Understanding the Battered Woman Who Kills Her Violent Partner-The Admissibility of Expert Evidence of Domestic Violence in Australia
Bradfield, Rebecca, Psychiatry, Psychology and Law
This article aims to challenge the traditional way in which evidence of the accused's personal history is presented and constructed in cases where battered women kill and rely on self-defence. Although an accused (and other witnesses) may provide an account of the history of violence and her lack of alternatives other than the use of force, the potential message of reasonable necessity that this evidence might convey is usually not realised. It is contended that the current evidentiary framework of "battered woman syndrome" (BWS) relied on for the presentation of "expert evidence" to educate judges and juries in cases where women kill their violent partners works against the efforts of defence counsel to make apparent the reality of the accused's situation. In this article, a fundamental shift from BWS evidence (with or without accompanying social framework evidence) to the reception of social framework evidence in its own right is proposed. This conceptual change aims to open the way for the legal system to think more creatively about the relevance of specific evidence relating to the personal experiences of the accused that is presented in cases where women kill their violent partners.
This article aims to confront the prevailing legal mind-set towards the rules of evidence and the relevance of evidence about domestic violence (influenced by the North American experience) and to show defence counsel and judges a new way of thinking about evidentiary issues in cases involving battered women who kill. In seeking to address the inadequacies of the criminal justice system in relation to battered women who kill, a significant body of literature now exists that examines the operation of self-defence and the reception of expert evidence of "battered woman syndrome" (BWS). (1) This article considers the need for expert evidence in cases where battered women kill and rely on self-defence. However, it does not traverse the same arguments that have been advanced by other scholars in relation to BWS. Rather, the focus of this article is on a fundamental shift from BWS evidence (with or without accompanying social framework evidence) to the reception of social framework evidence in its own right. This article addresses the need for social framework evidence, the nature of the evidence that might be provided and the rules of evidence that would regulate its admissibility.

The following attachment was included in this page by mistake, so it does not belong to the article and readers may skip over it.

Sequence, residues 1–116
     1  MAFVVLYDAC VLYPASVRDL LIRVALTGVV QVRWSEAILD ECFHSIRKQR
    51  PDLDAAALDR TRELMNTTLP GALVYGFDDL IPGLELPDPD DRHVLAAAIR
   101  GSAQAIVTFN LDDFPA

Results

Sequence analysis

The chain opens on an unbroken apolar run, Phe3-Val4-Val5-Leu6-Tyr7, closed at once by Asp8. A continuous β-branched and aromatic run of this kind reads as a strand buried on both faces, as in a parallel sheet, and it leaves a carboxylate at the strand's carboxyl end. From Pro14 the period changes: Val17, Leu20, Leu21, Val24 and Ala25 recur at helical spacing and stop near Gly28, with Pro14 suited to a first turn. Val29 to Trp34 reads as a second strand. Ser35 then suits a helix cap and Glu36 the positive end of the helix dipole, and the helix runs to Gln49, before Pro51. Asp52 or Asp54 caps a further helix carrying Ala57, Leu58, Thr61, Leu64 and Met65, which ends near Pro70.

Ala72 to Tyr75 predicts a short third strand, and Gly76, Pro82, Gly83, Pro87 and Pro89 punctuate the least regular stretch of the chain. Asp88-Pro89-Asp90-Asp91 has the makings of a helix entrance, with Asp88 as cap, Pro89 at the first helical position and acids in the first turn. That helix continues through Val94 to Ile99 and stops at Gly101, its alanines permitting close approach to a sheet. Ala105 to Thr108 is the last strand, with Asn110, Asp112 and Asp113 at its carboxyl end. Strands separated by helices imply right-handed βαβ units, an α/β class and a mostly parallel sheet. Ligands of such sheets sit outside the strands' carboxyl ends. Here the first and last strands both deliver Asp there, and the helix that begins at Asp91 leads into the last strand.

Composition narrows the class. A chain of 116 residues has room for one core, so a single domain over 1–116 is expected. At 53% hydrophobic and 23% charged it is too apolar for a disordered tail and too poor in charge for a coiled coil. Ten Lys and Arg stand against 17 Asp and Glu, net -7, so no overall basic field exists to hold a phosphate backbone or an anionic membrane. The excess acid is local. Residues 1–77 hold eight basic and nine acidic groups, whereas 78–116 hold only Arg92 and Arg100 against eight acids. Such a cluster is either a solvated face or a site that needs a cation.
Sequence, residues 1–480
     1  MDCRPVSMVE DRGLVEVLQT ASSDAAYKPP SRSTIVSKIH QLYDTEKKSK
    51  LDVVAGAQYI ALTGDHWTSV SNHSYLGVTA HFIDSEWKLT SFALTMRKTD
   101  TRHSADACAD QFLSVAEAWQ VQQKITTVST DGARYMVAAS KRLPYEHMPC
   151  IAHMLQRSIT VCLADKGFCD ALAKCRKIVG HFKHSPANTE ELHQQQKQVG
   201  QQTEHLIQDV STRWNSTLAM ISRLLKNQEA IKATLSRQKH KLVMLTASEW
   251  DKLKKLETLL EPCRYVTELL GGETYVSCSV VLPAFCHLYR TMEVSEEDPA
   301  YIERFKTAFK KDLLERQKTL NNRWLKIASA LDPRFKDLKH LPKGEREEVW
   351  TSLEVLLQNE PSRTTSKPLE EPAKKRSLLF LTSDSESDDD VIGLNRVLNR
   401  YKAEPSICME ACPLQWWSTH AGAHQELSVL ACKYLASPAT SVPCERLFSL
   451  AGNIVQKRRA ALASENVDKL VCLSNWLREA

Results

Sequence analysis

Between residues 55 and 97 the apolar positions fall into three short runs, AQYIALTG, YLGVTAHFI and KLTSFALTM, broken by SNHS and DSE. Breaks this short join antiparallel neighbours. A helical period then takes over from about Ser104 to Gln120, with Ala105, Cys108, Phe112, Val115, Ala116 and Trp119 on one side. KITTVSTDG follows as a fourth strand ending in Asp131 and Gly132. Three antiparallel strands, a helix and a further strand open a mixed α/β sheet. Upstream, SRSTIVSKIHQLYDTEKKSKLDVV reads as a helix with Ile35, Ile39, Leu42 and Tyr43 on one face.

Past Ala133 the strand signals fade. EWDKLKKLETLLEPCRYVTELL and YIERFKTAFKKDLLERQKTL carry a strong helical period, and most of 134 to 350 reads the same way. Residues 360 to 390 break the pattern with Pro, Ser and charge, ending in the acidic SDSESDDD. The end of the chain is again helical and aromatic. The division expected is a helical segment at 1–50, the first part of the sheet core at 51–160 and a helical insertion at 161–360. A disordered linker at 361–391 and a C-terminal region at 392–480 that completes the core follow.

An Overview--Evidence of Domestic Violence and Self-defence
The relationship between the criminal law and the rules of evidence is central to the legal system's ability to appropriately comprehend the self-defence claims of battered women who kill. Self-defence is governed by the principle of reasonable necessity and the generalisations that have informed the law's understanding of reasonable self-defence have generally not reflected women's experiences. (2) Absent the raised knife/pointed gun scenario--the immediate confrontation--where the threat conforms to the paradigm case of self-defence and the seriousness of the threat is obvious, battered women need to be able to convey to the jury the necessity of the resort to fatal force in their circumstances. The ability to convey their reality is dependent on the way in which the threat and their options in response to the threat are constructed at trial.
A woman's perception of the threat faced and the assessment of the reasonableness of her response are intimately dependent upon detailed knowledge of that particular woman's experience of violence. In assessing the legitimacy of a woman's claim to use fatal self-defence, an appreciation of the interconnected and ongoing nature of the violence is essential. (3) The threat posed to women in a violent relationship and the options that are available in relation to that threat cannot be adequately understood by focusing on discrete acts of violence. In other words, domestic violence cannot be understood as a series of isolated incidents detached from the overall pattern of power and control within which the violence is situated. …